The redesign of one of Madrid's largest museums, housing items from prehistoric times until the 19th century, began in 2008 and cost €65.2 million ($89.8 million).
It has incorporated new audiovisual displays, maps and graphic panels to give greater context to the objects on display, which include Greek vases, Roman mosaics and ancient sacred artefacts.
The collection is spread around two interior courtyards now bathed in natural light thanks to new larger windows.
In the first room visitors will be greeted be two giant walls of images projected onto 350 small screens.
"The idea is to tell the history of the people who lived in the geographical area we now call Spain," said museum director Andres Carretero Perez.
"We did not want to create an exhibition for scholars, we wanted it to be accessible for the greatest number of people and not be dry like history books."
A total of 13,000 objects are on display in 40 rooms in a neoclassical building, in the heart of Madrid, which the museum shares with the National Library.
"All of these objects are important because they were chosen from the 1.25 million objects that are stored at the museum," said Perez.
One of the star attractions is a celebrated Celto-Iberian bust from the fifth century BC known as "The Lady of Elche" depicting the bust of a woman wearing elaborate headgear.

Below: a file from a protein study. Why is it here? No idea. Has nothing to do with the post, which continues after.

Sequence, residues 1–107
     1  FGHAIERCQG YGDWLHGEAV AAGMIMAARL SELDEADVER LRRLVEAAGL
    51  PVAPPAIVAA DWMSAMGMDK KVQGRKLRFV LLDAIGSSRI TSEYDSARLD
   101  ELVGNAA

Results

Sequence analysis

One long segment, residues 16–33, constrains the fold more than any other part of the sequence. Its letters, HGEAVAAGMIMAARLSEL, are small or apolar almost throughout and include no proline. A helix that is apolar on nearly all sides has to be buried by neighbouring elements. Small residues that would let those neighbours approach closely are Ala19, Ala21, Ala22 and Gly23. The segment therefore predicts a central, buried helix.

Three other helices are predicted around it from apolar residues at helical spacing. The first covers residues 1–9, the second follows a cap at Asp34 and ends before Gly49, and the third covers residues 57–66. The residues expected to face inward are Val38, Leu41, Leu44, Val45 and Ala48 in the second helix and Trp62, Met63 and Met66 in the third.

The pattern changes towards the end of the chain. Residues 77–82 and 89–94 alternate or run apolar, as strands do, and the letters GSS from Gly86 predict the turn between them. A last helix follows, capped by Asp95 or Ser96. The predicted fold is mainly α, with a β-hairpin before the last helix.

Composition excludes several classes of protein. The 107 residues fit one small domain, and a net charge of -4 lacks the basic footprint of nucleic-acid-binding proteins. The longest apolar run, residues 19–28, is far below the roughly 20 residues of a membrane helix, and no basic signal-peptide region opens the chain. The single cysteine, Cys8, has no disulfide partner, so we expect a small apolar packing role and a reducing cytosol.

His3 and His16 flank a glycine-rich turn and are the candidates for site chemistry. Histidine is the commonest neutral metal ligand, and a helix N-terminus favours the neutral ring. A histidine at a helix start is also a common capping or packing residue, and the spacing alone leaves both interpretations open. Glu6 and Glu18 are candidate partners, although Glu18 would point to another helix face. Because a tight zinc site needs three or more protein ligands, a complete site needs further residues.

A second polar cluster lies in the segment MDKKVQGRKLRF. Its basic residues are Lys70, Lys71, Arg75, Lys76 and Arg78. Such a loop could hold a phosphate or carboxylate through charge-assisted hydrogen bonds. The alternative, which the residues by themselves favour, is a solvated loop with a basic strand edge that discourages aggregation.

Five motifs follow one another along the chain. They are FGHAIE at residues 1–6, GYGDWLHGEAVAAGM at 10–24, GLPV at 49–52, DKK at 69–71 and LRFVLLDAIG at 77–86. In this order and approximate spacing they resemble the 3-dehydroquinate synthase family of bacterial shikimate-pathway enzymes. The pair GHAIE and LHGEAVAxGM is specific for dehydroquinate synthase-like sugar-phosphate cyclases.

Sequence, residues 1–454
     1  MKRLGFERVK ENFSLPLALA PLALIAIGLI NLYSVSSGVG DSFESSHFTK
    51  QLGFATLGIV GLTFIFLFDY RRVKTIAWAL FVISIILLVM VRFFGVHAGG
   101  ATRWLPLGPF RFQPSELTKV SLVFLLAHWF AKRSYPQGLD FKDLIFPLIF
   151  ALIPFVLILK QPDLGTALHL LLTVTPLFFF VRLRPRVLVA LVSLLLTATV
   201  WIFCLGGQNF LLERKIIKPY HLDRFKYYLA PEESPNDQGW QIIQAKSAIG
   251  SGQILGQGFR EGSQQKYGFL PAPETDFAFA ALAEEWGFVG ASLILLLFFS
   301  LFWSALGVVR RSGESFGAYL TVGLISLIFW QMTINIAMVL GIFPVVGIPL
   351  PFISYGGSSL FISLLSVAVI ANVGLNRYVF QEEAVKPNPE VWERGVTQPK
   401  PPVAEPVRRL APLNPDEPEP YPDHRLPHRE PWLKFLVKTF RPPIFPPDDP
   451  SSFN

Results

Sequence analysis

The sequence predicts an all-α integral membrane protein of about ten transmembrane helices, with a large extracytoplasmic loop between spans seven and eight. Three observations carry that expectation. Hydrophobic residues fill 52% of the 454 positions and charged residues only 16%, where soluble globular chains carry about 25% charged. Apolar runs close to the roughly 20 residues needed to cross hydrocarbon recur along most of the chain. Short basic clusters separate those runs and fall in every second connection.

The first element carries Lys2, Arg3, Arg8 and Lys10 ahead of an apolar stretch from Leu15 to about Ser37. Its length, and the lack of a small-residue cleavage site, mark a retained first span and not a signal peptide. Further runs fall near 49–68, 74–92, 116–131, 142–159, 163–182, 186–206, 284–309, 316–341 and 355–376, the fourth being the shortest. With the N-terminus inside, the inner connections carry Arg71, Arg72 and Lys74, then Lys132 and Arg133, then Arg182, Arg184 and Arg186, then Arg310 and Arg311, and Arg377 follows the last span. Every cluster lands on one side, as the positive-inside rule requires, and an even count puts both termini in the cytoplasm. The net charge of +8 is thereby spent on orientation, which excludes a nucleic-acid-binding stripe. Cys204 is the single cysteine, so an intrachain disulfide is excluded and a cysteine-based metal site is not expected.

The bust was found by chance in 1897 near Elche in southeastern Spain and bought by a French archaeological connoisseur who sent it to France where it was displayed at the Louvre museum.
The French government returned it to Spain in 1941 under a deal reached with Spanish dictator Francisco Franco.
The museum also features a reconstruction of Spain's Altamira Caves and their prehistoric wall paintings of bison, horses, deer and animal-headed humans.
The room housing a replica of the remains of 3.2-million-year old female hominid known as "Lucy" features videos that show what life was like during
the period when she lived.
The fossilised remains were discovered in 1974 in Ethiopia by US scientist Donald Johanson and they are considered one of the world's most significant archaeological finds.
"The idea is not to see everything all at once. To see everything you would need two full days," said Perez.
The museum was founded in 1867 to save and study archaeological objects collected by Spain's monarchs.
Prime Minister Mariano Rajoy will officially re-inaugurate the museum on Monday. The doors will open to the general public the following day.
Tickets cost three euros but entry will be free until April 20 to celebrate the redesign.
Museum officials hope the revamp will double its previous annual visitor numbers of 200,000-250,000 people.
The museum is now also fully accessible for the disabled, with ramps and elevators for wheelchairs, commentaries in Braille and replicas of objects on display available for the blind to touch.